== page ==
Cheney vs. Lummis for Wyoming US Senate?

The 2020 cycle could mark the first time a pair of Wyoming U.S. Senate hopefuls had previous service in the nation’s lower legislative chamber

Although the Equality State was the first to grant women the right to vote and has the best record in electing women to the U.S. House over the last three decades, Wyoming is one of nearly 20 states that has never had a woman serve in the U.S. Senate.

However, many of the potential Republican candidates thought to be considering a run for retiring Mike Enzi’s seat in 2020 are prominent women in Wyoming politics.

Those names include U.S. Representative Liz Cheney (pictured), Superintendent of Public Instruction Jillian Balow, and former U.S. Representative Cynthia Lummis.

To date, women have appeared on a Wyoming U.S. Senate Democratic or Republican primary ballot only eight times – and none since 2002:

  • 1960: Democratic Superintendent of Public Instruction Velma Linford (lost primary, 33.8 percent)
  • 1988: Democratic Superintendent of Public Instruction Lynn Simons (lost primary, 23.1 percent) and Republican farmer Nora Lewis (lost primary, 5.9 percent)
  • 1990: Democratic University of Wyoming college student Kathy Helling (lost general, 36.1 percent) and Lewis (lost primary, 8.0 percent)
  • 1996: Former Democratic Wyoming Secretary of State Kathy Karpan (lost general, 42.2 percent), Republican state legislator Nimi McConigley (lost primary, 7.2 percent), and Republican farmer and timber lobbyist Kathleen Jachowski (lost primary, 2.7 percent)
  • 2002: Democratic therapist and former Lander Mayor Joyce Corcoran (lost general, 27.1 percent)

A Cheney/Lummis (or Lummis/Balow or Cheney/Balow) matchup would mark just the second time two women from Wyoming vied for their party’s nomination in a U.S. Senate primary joining GOPers McConigley and Jachowski in 1996.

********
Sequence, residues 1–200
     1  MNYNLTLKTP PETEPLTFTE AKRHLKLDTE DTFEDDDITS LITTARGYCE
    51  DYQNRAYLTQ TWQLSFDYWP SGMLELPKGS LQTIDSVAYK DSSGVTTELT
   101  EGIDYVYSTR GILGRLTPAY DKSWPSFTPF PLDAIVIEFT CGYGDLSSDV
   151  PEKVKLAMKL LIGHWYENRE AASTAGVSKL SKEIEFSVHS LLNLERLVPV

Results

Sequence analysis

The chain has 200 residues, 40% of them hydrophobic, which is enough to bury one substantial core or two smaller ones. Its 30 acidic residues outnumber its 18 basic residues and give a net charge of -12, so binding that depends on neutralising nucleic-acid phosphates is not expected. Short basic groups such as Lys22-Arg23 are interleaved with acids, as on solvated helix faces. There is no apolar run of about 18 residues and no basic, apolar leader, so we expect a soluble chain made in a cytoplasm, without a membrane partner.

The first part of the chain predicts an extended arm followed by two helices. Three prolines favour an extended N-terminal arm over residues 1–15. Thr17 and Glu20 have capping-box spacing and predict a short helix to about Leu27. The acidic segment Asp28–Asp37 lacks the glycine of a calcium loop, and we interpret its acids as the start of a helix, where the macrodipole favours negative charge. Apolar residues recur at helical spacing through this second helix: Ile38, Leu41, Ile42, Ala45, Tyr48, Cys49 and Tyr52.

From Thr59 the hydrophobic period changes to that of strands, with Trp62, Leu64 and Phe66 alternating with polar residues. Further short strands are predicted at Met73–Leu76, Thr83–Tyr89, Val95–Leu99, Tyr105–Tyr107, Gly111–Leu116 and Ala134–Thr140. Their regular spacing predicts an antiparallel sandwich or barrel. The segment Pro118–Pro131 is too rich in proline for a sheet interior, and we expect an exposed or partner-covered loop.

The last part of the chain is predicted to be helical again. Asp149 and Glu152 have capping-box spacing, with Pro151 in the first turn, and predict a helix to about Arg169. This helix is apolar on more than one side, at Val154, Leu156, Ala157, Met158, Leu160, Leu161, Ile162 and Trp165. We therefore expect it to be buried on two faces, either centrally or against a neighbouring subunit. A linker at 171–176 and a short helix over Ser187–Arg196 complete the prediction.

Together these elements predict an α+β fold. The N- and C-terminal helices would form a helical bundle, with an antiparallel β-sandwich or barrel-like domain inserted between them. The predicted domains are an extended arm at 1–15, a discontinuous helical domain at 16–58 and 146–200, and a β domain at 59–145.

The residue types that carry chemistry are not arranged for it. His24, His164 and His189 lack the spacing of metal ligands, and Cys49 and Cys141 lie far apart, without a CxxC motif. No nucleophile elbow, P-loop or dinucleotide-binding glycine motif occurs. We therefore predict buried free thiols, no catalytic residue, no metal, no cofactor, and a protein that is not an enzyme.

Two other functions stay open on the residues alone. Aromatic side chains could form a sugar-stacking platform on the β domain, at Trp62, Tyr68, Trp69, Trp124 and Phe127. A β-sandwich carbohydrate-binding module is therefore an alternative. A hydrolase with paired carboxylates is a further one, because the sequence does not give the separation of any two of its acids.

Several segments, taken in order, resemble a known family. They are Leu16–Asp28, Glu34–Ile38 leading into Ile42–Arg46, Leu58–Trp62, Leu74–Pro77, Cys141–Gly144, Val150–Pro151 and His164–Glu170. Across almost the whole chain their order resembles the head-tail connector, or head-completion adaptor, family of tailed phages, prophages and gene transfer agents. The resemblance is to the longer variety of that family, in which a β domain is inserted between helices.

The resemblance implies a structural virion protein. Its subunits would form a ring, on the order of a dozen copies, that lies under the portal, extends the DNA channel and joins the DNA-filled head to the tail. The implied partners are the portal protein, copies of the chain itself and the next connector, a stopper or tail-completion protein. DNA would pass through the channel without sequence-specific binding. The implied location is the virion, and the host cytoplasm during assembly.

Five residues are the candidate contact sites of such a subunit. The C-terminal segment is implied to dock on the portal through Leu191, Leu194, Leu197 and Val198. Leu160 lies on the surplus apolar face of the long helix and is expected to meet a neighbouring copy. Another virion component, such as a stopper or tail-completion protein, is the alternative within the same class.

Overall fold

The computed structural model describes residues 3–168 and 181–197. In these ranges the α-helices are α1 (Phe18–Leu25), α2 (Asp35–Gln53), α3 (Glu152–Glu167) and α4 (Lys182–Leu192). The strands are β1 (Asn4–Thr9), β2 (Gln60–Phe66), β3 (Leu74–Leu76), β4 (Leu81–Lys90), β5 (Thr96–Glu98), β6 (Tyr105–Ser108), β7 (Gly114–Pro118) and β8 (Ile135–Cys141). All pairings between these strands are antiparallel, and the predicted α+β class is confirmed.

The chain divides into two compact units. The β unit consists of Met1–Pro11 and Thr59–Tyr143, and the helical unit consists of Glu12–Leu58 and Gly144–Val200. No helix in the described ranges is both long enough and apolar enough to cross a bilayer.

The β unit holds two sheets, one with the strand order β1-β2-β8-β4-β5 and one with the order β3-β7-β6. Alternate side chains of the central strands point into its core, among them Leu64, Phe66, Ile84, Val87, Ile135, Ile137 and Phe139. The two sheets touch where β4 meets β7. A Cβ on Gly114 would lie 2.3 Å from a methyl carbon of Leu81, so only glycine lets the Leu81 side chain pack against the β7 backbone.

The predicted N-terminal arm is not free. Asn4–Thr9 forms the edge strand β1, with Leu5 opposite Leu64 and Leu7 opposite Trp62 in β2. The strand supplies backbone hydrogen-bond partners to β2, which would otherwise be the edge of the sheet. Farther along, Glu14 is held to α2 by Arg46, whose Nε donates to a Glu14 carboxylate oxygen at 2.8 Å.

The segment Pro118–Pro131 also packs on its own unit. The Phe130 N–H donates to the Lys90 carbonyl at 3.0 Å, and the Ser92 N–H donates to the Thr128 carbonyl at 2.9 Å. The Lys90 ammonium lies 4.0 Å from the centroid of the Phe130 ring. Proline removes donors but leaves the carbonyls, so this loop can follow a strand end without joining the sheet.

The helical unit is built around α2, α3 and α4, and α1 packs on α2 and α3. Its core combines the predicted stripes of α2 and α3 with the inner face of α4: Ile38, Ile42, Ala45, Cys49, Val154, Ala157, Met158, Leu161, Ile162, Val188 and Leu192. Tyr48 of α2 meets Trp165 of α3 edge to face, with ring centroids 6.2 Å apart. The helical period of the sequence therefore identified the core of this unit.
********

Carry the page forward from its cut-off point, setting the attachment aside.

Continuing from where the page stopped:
If Cheney and Lummis run it would also mark the first cycle with two U.S. Senate hopefuls who previously served in the U.S. House since the first primary for the office in 1916.

There have been 15 such candidacies since 1916, although just two over the last half-century.

Just three of these 15 candidacies were successful (and only two victors were ever sworn into office).

Former four-term Republican U.S. Representative (1943-1950) and sitting Governor Frank Barrett ran unopposed for his party’s U.S. Senate nomination in 1952 and unseated Democratic Senator Joseph O’Mahoney that November.

In 1960, three-term Republican U.S. Representative E. Keith Thomson (1955-1960) defeated former Senator Barrett in the primary en route to a general election victory over state Democratic Party Chairman Raymond Whitaker. However, Thomson passed away less than a month before taking office in December 1960.

In 1994, three-term GOPer Craig Thomas (1989-1995) ran unopposed in the primary and handily defeated Governor Michael Sullivan in the general election by 19.6 points.

Thomas and John Wold are the only two sitting or former Wyoming U.S. Representatives to appear on a U.S. Senate primary ballot over the last half-century. Wold, a freshman in the U.S. House, was the GOP nominee in 1970 but lost to Senator Gale McGee by 11.6 points.

The remaining U.S. Senate candidacies by Wyoming at-large members of the U.S. House are: